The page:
Super-fast carbon-fiber aero road bikes and deep-section wheels.
Indeed, officials were taking the threat of ‘motor doping’ seriously.
Like fine wine.
This Tour saw a number of custom paint jobs, perhaps more than ever before.
But black bikes are still en vogue.
Cancellara’s one-off Trek Madone popped with color.
At the Tour, special editions and custom touches are de rigueur.
Tour teams seem to have reached new levels when it comes to details.
There were many custom touches, like these shamrocks on Irishman Dan Martin’s Specialized S-Works Tarmac.
Trek-Segafredo incorporated its “Go and Take It” ad campaign into its custom paint jobs.
Similarly, the Lotto-Soudal team worked in its “Live Your Dream” message.
Elsewhere, the Tour saw a Sharknado roll through.
French sprinter Bryan Coquard’s BH had stickers of Le Coq, or the Rooster, his nickname.
And like fellow sprinters Cavendish and Sagan, Coquard opted for deep-section aero wheels. These are made by Vision.
Another Tour victory for Pinarello.
When you’re the best stage racer they put your name on your hubs.
As we noted previously, Froome rides weird chainrings.
Race numbers at the Tour come with timing transponders that track each rider in real time.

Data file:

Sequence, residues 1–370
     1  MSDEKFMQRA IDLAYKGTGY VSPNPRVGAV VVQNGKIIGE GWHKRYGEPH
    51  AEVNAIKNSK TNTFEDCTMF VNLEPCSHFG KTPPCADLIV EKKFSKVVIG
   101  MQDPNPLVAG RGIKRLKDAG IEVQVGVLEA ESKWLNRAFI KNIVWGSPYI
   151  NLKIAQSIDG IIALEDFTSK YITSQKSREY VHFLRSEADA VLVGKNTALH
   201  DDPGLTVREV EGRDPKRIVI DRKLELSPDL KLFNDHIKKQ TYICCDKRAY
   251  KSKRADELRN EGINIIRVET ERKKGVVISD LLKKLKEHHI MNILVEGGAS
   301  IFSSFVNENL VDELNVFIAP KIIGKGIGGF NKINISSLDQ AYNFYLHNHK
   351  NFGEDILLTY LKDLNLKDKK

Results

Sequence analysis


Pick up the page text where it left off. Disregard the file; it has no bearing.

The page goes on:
A telemetry sensor is installed under each rider’s saddle.
A second transponder is attached to the fork with a zip tie.
This was Pierre Rolland’s saddle with his transponder attached underneath.
Live images and telemetry are streamed into the press room, where up to 600 journalists pass through each stage of the Tour.
Dimension Data is the company behind all the live telemetry and tracking.
Two-way radios allow riders to communicate not only with each other but also with their race directors back in the team cars.
As is now customary, the race leader rode a custom-painted yellow bike into Paris.
And it had lots of tech you find on pro bikes these days.
The world’s most consistent stage racer had the most extreme position.
Speaking of Adam Hansen, he brought his own homemade shoes to the Tour.
Hansen has taken custom shoes to a whole new level.
We saw Hansen wearing at least two different versions of his handmade shoe.
Weight is a constant consideration at the Tour.
Speaking of weight, mechanics had clever ways of making bikes race-legal.
Tour teams use all kinds of tape, and lots of it.
Bike computers show routes using GPS, but a simple print-out of the stage profile taped onto a stem does the trick best.
Froome had a printed stage profile on his stem. Little markings on the profile highlighted key points along the course; he could turn the loosely affixed profile as the stage went on.